Intelligent Data Integration Uses the Coordinates
Spatial Components Improve Results
Only valid and consistent data provide added value. Automated data integration saves resources. A new development from WIGeoGIS helps. We use the spatial reference that is included in most data, thereby improving the results.
Data, the “Gold of the 21st Century”?
Has this happened to you before? – You have five different spreadsheets with valuable data and you want to continue working with them all. But it turns out they are not compatible. The spreadsheets have different columns, the formats are different, duplicates falsify your results, but are not so easy to recognize and delete.
You are not alone with these problems!
In practice, such tasks usually require extensive manual effort. And just like that, the much-praised “gold of the 21st century” is not as shiny anymore and you can not raise your treasure.
Practical example: All customers minus existing customers = potential new customers
It sounds simple: You would like to determine your potential new customers using the dataset of a commercial provider (e.g. yellow pages). The data of your existing customers are available in your own CRM database. All you have to do is filter those existing customers out of the yellow pages and you will know who your potential new customers are.
Those who have never dealt with something like this are sure to think it is a simple task that can be done with the “touch of a button”!
The Challenge of Data Integration
Preparing data from different sources for evaluation together is called data integration. Most of the time the data is redundant and inconsistent. Another example: You want to create a complete, valid list of all the hotels in a region using different spreadsheets from your own data, local yellow pages, government data, data from internet research.
Many of the hotels are in several or all of the lists, so you have to merge the duplicates. Presumably, each record will contain a name. But beware, some hotels will appear under different names, e.g. due to ownership changes. Only by comparing the address data, will you be able to clean up the lists.
Furthermore, some hotels will appear under slightly different coordinates, even though they are really at the same location. How do you find these duplicates? And if a location exists as a point in one dataset and as a polygon in another dataset, how are the two related, and how do you display it?
Presumably, you will also be struggling with the different formats that have been established for location data over the years. The available metadata is different. One spreadsheet contains the number of beds, in another one this data is missing, but there are entries about the facilities and price.
Until you have one consistent spreadsheet that you can actually work with, you will need to invest a lot of time and effort!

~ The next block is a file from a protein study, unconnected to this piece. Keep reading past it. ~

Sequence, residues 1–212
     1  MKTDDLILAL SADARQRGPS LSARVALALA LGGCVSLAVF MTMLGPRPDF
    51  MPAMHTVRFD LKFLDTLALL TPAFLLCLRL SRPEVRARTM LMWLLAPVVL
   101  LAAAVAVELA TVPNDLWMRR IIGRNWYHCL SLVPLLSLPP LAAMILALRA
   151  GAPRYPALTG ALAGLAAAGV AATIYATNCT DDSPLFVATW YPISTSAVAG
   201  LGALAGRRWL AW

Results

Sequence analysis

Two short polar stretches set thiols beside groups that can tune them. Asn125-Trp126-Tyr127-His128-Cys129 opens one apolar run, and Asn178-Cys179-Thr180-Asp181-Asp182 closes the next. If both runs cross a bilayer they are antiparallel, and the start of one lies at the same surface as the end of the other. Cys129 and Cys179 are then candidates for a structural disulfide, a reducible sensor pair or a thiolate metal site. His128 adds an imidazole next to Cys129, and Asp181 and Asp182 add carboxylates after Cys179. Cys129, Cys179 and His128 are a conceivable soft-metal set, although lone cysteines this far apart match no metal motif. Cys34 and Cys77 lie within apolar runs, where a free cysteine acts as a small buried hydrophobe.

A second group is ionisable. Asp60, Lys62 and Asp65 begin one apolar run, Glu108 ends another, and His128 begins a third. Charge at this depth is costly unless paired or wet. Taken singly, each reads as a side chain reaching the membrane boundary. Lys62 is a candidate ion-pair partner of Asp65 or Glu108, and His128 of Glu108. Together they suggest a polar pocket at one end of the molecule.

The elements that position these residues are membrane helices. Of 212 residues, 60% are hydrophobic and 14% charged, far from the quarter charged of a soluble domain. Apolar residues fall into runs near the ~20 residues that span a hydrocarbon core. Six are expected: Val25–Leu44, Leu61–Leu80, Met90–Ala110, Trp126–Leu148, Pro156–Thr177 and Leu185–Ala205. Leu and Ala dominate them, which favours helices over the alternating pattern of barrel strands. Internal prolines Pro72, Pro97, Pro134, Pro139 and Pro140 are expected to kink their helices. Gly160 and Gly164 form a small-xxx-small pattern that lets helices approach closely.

SLIPO Helps for Data with a Spatial Reference
As part of an EU-funded research project called SLIPO, WIGeoGIS worked together with partners from research and the industry to develop a tool and method set with which we are pursuing exactly this goal: this one consistent table that is largely automated, faster and more efficient.
How does it work? – We use the spatial component included in the data!
Because nearly 80% of all company data has a spatial reference.
Not just classic location data (such as branches and other real estate), but also your customer data, which of course includes an address. If the coordinates are the same when integrating data from different sources, the systematic, automated evaluation of the remaining attributes provides the information as to whether they are the same content/data set. This not only saves time, but also results in better data.
The illustration clearly shows the process of integration, validation and quality-assured enrichment of location data or data that have a coordinate (“Point of Interest” data). Behind this process lie the innovative and complex so-called linked-data technologies.
Test Case Munich ReIn cooperation with Munich Re, we subjected our development to a practical test.
Munich Re is a reinsurer, in other words it insures insurance companies (“primary insurers”). The company is globally active and is one of the largest in its sector. Assessing global locations for risk is one of their core responsibilities.
For them, location data that is complete and geographically accurate is essential. In addition to their own location databases (e.g. natural hazard maps), Munich Re uses a large number of different data sources from both commercial and OpenData location data providers. Currently, merging data sources at Munich Re requires extensive manual effort.
In the test, address lists of hotels from four different sources were merged or integrated. The problems were similar to those described above.
Our tools have proven themselves and are ready for further projects.
Applied Research Brings Results
“For me, this partnership is a promising example of how goal- and practice-oriented research and business have to work together to be successful.” Andreas Siebert, Head of Geospatial Solutions, Munich Re